7. Hmm… what might have provoked such turnover in the 1969–1970 term?

  8. Looking at Farrar’s appointments…

    David Billion resigned right after winning the 1970 election for “business considerations.” Tom Young died on Thanksgiving 1970. Ellen Bliss won the 1968 election but declined to serve, accepting instead an appointment to the State Welfare Commission. William Clayton stepped out when he was appointed U.S. Attorney. Robert Hirsch resigned from the Senate in 1969, but I can’t find a reason. (He did run for U.S. Senate in 1972 and lost to Abourezk.) D.O. Dillavou died in a car wreck days before the 1968 election. Morris Hallock resigned from Legislature to accept Farrar’s nomination as highway director. Charles Droz resigned to become state administrator of the Agricultural Conservation and Stabilization Service.

    So out of eight Farrar-era vacancies, two came from deaths, and four came from appointments to higher office.

  9. John Kennedy Claussen, Sr.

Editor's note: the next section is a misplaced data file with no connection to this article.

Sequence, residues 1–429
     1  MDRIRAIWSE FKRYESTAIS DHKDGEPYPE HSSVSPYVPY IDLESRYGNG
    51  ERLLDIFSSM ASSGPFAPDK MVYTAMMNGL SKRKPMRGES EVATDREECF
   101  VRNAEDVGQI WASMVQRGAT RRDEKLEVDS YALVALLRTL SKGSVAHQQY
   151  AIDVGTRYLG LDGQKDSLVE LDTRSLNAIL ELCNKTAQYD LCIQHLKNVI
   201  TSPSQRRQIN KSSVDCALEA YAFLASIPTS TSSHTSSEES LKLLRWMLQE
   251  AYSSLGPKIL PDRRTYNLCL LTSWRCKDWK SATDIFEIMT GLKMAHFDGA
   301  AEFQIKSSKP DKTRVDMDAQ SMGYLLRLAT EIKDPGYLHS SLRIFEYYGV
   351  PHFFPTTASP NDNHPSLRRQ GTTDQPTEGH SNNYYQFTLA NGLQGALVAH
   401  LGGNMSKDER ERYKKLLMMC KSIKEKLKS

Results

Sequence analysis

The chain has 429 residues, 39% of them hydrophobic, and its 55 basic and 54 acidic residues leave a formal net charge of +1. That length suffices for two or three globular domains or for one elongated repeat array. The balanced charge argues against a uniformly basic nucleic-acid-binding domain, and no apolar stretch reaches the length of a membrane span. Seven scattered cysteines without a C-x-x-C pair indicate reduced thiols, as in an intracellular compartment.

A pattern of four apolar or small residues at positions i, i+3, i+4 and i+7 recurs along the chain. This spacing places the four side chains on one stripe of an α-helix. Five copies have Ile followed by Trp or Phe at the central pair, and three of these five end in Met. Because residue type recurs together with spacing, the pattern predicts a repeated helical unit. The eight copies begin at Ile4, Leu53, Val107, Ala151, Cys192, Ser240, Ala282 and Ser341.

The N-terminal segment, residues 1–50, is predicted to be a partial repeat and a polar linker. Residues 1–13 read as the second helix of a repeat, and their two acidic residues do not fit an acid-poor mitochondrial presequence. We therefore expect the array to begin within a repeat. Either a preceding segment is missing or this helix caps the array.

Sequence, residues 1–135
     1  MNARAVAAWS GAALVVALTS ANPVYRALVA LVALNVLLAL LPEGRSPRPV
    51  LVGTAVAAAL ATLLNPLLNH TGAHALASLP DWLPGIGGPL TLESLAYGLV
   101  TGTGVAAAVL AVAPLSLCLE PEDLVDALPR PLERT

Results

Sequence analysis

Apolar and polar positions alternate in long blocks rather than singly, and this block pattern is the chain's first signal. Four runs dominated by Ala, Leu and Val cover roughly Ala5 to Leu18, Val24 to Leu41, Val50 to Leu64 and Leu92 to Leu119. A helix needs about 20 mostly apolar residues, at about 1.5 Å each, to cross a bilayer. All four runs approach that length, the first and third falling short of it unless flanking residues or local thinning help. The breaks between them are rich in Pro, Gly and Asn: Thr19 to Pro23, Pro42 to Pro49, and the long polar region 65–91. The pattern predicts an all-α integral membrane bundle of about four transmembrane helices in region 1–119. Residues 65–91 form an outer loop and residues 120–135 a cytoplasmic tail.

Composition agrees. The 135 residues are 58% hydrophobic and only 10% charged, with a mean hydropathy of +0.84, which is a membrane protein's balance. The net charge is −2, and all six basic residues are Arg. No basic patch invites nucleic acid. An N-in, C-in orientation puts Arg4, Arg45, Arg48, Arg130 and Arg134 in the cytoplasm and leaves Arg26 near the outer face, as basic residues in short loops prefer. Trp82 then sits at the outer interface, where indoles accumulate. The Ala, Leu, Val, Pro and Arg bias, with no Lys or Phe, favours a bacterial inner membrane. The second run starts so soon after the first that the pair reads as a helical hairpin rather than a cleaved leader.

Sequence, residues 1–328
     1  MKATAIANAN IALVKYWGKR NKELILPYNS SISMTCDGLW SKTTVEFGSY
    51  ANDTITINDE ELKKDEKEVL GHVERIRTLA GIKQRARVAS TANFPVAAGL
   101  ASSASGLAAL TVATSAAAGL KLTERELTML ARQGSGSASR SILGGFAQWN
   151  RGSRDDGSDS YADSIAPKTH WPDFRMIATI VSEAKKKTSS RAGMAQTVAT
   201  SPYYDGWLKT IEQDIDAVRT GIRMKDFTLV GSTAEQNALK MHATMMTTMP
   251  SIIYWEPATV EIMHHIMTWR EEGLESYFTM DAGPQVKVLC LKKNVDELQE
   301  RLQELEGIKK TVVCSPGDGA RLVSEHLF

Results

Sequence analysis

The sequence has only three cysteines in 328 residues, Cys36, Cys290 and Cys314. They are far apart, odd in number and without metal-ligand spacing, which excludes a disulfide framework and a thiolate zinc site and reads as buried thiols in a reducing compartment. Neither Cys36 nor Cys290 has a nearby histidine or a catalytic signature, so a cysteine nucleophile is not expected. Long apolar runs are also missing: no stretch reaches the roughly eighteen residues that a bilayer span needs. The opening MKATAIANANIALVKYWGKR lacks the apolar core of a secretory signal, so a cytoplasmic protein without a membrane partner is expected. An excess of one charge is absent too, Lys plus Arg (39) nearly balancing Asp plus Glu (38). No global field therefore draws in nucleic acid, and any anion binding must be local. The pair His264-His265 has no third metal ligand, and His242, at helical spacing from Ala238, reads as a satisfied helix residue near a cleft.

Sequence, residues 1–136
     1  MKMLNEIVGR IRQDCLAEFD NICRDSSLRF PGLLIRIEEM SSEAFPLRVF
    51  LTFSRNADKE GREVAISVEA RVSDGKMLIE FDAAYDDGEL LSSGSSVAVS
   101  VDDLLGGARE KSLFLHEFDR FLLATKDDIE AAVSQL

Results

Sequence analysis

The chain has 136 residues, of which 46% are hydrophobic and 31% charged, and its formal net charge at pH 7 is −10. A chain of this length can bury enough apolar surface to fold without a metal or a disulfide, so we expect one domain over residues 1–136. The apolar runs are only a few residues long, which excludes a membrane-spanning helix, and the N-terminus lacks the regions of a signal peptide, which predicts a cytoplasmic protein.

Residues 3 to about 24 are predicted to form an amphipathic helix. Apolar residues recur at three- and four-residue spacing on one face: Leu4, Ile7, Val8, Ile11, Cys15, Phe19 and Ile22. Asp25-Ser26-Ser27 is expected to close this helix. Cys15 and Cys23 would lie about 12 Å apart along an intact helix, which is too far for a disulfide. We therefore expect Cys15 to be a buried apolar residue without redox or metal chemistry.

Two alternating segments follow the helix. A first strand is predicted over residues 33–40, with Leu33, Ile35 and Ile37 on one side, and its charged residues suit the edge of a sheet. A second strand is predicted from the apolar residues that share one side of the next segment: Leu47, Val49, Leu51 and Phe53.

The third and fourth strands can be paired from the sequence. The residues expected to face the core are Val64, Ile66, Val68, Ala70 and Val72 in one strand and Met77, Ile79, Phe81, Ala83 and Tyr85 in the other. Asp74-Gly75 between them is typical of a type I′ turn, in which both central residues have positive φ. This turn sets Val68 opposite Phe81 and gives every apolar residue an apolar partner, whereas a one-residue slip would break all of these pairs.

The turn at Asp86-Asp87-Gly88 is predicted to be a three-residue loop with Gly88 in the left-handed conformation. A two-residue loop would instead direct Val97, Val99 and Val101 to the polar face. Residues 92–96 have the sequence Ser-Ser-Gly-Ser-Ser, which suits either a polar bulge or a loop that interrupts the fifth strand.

One cannot help but wonder if an increasingly appointed legislature under Daugaard plays a role in the “House of Lords” mentality of our current state legislature…… It most likely does….. Peerage is always the greatest enemy of any democratic people….

    I also think the great turnover speaks to a growing less commitment to sincere governance by our dominant political party in this state as well, which I guess explains why many of our GOP legislators have to research bills in front of their constituents before answering questions about the bills….. (Crickets anyone? Or is it, “Cricket,” the game members of the House of Lords often like to play?)

  10. John Kennedy Claussen, Sr.

    Speaking of Farrar, there was a lot of division within the SD GOP back in 1969-70 due partially to Farrar’s position on REA. Farrar was only one of two of the total 27 Republican governors from our state to not be re-elected, I believe. Farrar even had a primary opponent in June of 1970, who received 40% of the vote. This division might have led to the high number of resignations, or the actual appointments might have lead to greater party division as well, who knows…..? (It’s time for Troy and Lee to chime-in ;-) )